The chart looks quite similar to the 1^{st} run.

##### Top speed

The top speed of the car was **7.3 m/s**. The Motor RPM was** 18,690** (see green lines).

##### Average speed

The average speed was around **6.55 m/s** and Motor RPM was **16,785**. (see blue line)

##### Acceleration

The acceleration was around **6.04 m/s ^{2}** .

#### 3^{rd} Run

Here is a chart showing the speed of the car from the third run.

The chart looks quite similar to previous run.

##### Top speed

The top speed of the car was **7.38** **m/s**. The Motor RPM was** 18,900** (see green lines).

##### Average speed

The average speed was around **6.59 m/s** and Motor RPM was **16,885**. (see blue line)

##### Acceleration

The acceleration was around **6.25 m/s ^{2}** .

### 3.7:1 gear set

#### 1^{st} Run

Here is a chart showing the speed of the car from the first run.

##### Top speed

The top speed of the car was **7.05 m/s**. The Motor RPM was** **18,920 (see green lines).

##### Average Speed

The average speed was around **6.41 m/s** and Motor RPM was **17,187**. (see blue line)

##### Acceleration

The acceleration was around **5.91 m/s ^{2}** .

#### 2^{nd} Run

Here is a chart showing the speed of the car from the second run.

The chart looks quite similar to the 1^{st} run.

##### Top speed

The top speed of the car was **7.22 m/s**. The Motor RPM was** 19,360** (see green lines).

##### Average speed

The average speed was around **6.46 m/s** and Motor RPM was **17,339**. (see blue line)

##### Acceleration

The acceleration was around **5.73 m/s ^{2}** .

#### 3^{rd} Run

Here is a chart showing the speed of the car from the third run.

The chart looks quite similar to previous run.

##### Top speed

The top speed of the car was **7.13** **m/s**. The Motor RPM was** 19,140** (see green lines).

##### Average speed

The average speed was around **6.46 m/s** and Motor RPM was **17,325**. (see blue line)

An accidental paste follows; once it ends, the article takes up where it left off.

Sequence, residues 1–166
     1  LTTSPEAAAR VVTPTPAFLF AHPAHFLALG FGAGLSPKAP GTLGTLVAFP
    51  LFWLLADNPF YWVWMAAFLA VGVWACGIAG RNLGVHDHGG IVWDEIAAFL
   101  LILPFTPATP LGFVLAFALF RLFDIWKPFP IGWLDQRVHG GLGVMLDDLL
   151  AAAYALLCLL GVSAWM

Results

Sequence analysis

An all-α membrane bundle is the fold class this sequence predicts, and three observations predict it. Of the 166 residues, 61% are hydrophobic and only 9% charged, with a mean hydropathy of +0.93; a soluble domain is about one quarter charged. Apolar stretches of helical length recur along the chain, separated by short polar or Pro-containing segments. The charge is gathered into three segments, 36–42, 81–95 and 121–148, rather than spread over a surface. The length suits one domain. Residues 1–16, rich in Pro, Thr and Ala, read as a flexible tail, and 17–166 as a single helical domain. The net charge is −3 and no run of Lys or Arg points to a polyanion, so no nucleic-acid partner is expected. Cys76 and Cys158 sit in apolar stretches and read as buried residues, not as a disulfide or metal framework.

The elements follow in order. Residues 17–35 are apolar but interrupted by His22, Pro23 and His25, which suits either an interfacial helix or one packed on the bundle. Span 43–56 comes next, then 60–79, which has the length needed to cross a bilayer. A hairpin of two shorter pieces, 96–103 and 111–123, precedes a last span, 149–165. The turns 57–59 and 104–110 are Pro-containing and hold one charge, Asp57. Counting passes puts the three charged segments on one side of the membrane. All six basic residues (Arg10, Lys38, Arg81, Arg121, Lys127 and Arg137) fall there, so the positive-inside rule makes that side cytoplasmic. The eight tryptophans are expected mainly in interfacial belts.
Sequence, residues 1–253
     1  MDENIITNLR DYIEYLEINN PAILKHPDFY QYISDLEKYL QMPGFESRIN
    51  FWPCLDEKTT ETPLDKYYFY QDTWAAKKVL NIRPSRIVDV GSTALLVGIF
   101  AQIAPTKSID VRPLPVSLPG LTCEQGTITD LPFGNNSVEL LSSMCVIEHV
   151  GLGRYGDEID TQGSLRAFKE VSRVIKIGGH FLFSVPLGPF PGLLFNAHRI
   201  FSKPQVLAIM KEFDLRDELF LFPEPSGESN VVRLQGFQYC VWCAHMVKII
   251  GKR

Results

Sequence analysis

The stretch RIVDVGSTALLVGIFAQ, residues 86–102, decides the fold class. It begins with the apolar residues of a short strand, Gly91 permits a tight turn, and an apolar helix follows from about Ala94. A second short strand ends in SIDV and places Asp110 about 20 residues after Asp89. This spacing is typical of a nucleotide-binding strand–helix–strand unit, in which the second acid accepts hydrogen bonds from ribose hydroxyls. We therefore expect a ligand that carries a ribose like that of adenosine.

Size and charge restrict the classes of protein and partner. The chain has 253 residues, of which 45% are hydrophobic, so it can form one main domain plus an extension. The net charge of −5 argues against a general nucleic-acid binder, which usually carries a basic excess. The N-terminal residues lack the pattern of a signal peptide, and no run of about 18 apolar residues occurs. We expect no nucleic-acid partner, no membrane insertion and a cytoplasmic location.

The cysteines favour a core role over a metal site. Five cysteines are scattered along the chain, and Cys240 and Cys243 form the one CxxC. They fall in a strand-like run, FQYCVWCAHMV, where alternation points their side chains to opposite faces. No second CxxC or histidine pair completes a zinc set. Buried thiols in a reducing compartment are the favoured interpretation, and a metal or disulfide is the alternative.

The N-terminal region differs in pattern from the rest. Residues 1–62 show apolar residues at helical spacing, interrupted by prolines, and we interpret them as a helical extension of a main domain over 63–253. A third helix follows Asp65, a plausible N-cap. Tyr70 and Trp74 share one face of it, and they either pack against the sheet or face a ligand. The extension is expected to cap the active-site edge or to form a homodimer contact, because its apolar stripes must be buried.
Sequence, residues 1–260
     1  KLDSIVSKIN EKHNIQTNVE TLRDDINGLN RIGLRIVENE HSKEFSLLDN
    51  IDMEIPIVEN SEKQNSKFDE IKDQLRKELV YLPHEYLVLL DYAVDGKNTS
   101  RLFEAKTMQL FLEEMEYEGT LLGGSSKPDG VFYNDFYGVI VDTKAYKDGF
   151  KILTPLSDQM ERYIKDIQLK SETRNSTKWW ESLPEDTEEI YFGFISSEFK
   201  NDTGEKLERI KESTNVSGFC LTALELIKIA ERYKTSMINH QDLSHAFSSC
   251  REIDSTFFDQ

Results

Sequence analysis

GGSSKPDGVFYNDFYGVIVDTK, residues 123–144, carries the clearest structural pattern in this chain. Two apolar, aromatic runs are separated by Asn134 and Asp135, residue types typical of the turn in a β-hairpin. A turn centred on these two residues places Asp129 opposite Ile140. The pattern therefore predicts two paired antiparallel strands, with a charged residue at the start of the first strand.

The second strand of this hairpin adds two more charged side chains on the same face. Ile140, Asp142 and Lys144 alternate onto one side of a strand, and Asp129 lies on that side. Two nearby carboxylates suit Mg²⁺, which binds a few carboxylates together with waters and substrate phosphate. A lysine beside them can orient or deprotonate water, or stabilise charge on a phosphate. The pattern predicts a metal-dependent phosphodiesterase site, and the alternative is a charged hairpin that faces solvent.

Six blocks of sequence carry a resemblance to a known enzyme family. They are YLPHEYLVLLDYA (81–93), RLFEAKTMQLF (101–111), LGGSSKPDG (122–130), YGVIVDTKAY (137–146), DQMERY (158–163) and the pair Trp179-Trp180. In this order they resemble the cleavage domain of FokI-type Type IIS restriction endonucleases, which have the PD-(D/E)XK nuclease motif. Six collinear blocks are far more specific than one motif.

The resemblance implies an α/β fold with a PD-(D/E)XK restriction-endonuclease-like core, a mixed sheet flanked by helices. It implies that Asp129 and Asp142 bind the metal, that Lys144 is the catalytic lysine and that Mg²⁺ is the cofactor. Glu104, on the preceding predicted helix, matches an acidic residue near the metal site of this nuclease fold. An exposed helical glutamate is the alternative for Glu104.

##### Acceleration

The acceleration was around **5.85 m/s ^{2}** .

### 4:1 gear set

#### 1^{st} Run

Here is a chart showing the speed of the car from the first run.

##### Top speed

The top speed of the car was **6.72 m/s**. The Motor RPM was** 19,680** (see green lines).

##### Average Speed

The average speed was around **6.08 m/s** and Motor RPM was **17,799**. (see blue line)

##### Acceleration

The acceleration was around **6 m/s ^{2}** .

#### 2^{nd} Run

Here is a chart showing the speed of the car from the second run.

The chart looks quite similar to the 1^{st} run.

##### Top speed

The top speed of the car was **6.89 m/s**. The Motor RPM was** 20,160** (see green lines).

##### Average speed

The average speed was around **6.25 m/s** and Motor RPM was **18,301**. (see blue line)

##### Acceleration

The acceleration was around **6.23 m/s ^{2}** .

#### 3^{rd} Run

Here is a chart showing the speed of the car from the third run.

The chart looks quite similar to previous run.

##### Top speed

The top speed of the car was **6.81** **m/s**. The Motor RPM was** 20,169** (see green lines).

##### Average speed

The average speed was around **6.23 m/s** and Motor RPM was **18,473**. (see blue line)

##### Acceleration

The acceleration was around **5.94 m/s ^{2}** .